Indian Pharma To Stay Ahead of The Technology Curve

In the ever-changing business environment, many industrial sectors have now started leveraging different cutting-edge technological platforms to improve overall strategic and operational effectiveness, keeping a sharp focus on better stakeholder engagement for greater customer satisfaction.

These companies have accepted the inevitability of a paradigm shift in the algorithm of the traditional business process. It has dawned on them that it may not be possible to be in the pole position by tweaking the existing process with multiple incremental changes – a time is just right now to take a quantum leap in this direction. Placing the company ahead of the technology curve to acquire the critical X-factor in outperforming the competition is going to be the new mantra. This is likely to happen even in the sales and marketing domains, much sooner than one can possibly imagine, as the marketplace becomes increasingly tougher.

Moving closer to this direction, Artificial Intelligence (AI) based digital tools, I reckon, is likely to be one of the key game changers. The term AI was coined in 1956 by John McCarthy at the Massachusetts Institute of Technology (MIT) and is usually defined as the science of making computers do things that require intelligence when done by humans. AI helps to ferret out critical answers to many real-life issues and gain a competitive edge in business management, by creating and then effectively analyzing a huge pool of real life data.

AI is the fulcrum of business operations for several leading companies of the world, such as, Apple, Amazon and Uber. It has already started replacing human intelligence in a number key business operations in various industries. As a widely-known Indian business leader recently said, anything that can go digital will go digital. This wave is unstoppable in this modern era.

In this article, I shall restrict the scope of discussion to the application of AI in pharma sales and marketing.

A recent illustration from India:

The application of AI via a digital tool, called Chatbot – the short form of ‘Chat Robot’, is one of the ways in this direction. It is a complex computer program that simulates human conversation, or chat, through auditory or textual methods. Various industries have now started developing the Chatbot dialog application systems for a specialized purpose of human communication, including a variety of customer interaction, information acquisition and providing a range of customized services to the target group.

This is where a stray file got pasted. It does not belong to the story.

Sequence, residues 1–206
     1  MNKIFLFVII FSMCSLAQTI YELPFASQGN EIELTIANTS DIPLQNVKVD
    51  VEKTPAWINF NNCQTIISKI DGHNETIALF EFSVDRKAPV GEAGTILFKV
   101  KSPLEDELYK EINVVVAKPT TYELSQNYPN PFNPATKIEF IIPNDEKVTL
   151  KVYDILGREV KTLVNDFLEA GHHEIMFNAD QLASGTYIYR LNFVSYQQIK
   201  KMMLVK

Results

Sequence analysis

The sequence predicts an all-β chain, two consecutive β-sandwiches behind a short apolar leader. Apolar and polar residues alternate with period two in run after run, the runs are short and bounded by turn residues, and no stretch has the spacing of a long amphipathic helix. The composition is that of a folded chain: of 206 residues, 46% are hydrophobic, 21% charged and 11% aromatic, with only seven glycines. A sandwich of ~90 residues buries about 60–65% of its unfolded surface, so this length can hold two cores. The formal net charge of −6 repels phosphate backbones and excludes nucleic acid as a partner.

To illustrate the above point, let me draw upon a recent example from the banking sector of India. On March 05, 2017, a leading bank in India announced the launch of an AI-driven Chatbot named Eva, coined from the words Electronic Virtual Assistant (EVA), to add more value to their services for greater customer satisfaction.

According to reports, Eva is India’s first AI driven banking Chatbot that can answer millions of customer queries on its own, across multiple channels, immediately. It assimilates knowledge from thousands of sources and provide answers in a simple to understand language format in under 0.4 seconds. This is a good example of taking a quantum leap in improving operational efficiency by delighting the new generation of customers. “Within the first few days of its launch, Eva has answered over 100,000 queries from thousands of customers from 17 countries across the globe” – the bank reportedly claimed.

To do routine services more efficiently with a customer-centric approach, this AI-based  Bank OnChat combines a disruptive technology platform for a human-like conversation, powered by AI, and the Bank’s deep domain expertise and long acquired insight of banking related customers. Earlier this year, for a similar customer-oriented initiative using AI and Robotics technologies, the same bank launched an interactive  humanoid called Intelligent Robotic Assistant or IRA.

Although, these are just illustrations in the Indian context, an important question that surfaces: if these can happen in the banking industry, why not in the pharma sector of India?

Resisting changes versus finding innovative means to overcome challenges:

Coming back to the pharma industry, we all are aware that this knowledge sector, over the last four and a half decades in India, has been navigating through umpteen challenges, none of which has been easy, by any measure.

Nevertheless, as compared to the past, I notice a palpable difference today. Significantly more number of shrill voices with fierce resistance to changes are now outnumbering the out of box mindset, desire and efforts to still thrive, by overcoming those critical challenges. Since the formative years of the Indian pharma industry, it has been successfully overcoming the challenges of change, which are unavoidable though.

Such kind of indomitable ‘animal spirit’ within many leaders of the Indian pharma industry, created today’s national pharma behemoths like, Sun Pharma, Lupin, Cadila, Dr. Reddy’s, Alkem and many others. They are thriving despite continuation of immensely challenging business environment and tough socioeconomic demand in the country. By the way, the second richest person in India is from the Indian pharma industry and grew from a scratch, during this very period.